Irish government expects more emigrants to return

Irish government expects more emigrants to return

Irish government expects more emigrants to return

More Irish citizens will be returning to the Emerald Isle by 2017 than the number that will be emigrating, according to the government.

Minister of Finance Michael Noonan said during the spring economic debate that “net outward migration” would come to an end next year and “inward migration” would return by 2017.

Noonan explained that the young people who had moved to pastures new were already returning, and that would continue to be the case because of the “jobs-rich recovery” currently being enjoyed in Ireland.

If the government’s forecast is correct, the two years ahead would see the end of a period of mass emigration in which hundreds of thousands of people have left the country, mainly in search of work.

From 2008 to 2014, 250,000 Irish people moved overseas, according to the Central Statistics Office, while 300,000 foreign nationals also departed.
But the net outward migration rate – the gap between how many people leave and how many arrive – has already started to narrow. In the year to April 2014, it dropped by 35 per cent to 21,400, according to the statistics agency.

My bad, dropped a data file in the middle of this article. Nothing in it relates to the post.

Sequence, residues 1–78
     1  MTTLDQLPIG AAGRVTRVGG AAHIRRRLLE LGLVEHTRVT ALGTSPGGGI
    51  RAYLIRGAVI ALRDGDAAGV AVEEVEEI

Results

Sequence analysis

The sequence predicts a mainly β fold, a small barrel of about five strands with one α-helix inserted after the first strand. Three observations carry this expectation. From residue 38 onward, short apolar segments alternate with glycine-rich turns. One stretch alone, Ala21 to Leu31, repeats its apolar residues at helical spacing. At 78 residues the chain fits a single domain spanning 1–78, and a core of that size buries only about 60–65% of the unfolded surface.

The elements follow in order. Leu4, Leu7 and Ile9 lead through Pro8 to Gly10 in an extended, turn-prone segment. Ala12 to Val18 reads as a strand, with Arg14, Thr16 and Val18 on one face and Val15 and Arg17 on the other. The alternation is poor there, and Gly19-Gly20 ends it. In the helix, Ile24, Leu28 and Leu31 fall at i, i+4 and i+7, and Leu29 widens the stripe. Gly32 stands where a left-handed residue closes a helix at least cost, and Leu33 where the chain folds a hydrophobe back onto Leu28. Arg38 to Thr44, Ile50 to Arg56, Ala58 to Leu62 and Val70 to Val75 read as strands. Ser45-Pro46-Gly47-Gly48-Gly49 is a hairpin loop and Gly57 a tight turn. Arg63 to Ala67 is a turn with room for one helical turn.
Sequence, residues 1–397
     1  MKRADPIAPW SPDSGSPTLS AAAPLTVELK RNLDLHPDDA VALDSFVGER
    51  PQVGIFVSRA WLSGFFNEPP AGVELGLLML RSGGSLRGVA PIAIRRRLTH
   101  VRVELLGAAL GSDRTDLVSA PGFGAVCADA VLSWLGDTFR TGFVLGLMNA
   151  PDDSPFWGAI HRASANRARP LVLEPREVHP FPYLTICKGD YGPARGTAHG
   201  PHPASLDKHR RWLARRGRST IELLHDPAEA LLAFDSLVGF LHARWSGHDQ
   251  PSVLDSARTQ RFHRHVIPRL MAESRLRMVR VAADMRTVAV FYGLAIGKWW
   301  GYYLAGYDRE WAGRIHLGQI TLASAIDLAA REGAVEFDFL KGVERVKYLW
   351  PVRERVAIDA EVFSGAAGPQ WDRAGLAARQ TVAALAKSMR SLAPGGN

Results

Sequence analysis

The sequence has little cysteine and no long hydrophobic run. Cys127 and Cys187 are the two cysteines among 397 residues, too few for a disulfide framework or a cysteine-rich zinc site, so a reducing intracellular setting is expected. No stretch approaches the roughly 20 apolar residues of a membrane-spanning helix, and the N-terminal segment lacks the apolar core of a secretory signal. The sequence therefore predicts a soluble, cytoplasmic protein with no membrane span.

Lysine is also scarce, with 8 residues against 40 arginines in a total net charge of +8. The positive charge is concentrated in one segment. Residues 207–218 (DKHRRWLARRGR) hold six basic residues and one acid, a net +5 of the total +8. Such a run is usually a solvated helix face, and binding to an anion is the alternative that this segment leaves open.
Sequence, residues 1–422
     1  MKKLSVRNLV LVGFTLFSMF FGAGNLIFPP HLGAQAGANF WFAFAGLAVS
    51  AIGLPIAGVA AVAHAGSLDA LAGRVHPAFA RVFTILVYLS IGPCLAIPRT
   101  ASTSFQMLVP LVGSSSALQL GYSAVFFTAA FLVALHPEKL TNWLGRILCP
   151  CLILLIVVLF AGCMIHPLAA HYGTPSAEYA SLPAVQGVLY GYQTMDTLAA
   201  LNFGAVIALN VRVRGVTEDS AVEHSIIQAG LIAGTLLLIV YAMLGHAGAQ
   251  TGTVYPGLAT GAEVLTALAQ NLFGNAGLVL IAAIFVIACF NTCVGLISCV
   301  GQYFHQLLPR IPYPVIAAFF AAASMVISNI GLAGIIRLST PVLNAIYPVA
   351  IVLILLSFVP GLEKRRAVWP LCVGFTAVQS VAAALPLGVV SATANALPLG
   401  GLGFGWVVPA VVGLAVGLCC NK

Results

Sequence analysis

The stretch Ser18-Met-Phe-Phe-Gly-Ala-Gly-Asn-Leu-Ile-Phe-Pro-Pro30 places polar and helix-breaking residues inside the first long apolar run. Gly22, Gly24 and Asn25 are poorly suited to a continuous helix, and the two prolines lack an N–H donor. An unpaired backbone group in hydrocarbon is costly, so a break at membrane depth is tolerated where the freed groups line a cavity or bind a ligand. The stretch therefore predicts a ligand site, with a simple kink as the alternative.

That fall was a result of an eight per cent decline in the number of emigrants and an 8.4 per cent jump in the number of immigrants.

Noonan explained that planned cuts to the Universal Social Charge (USC) and income tax in the next five years would ensure people have a higher disposable income and help persuade young Irish people living and working abroad to return home in the belief they will find well paid jobs.

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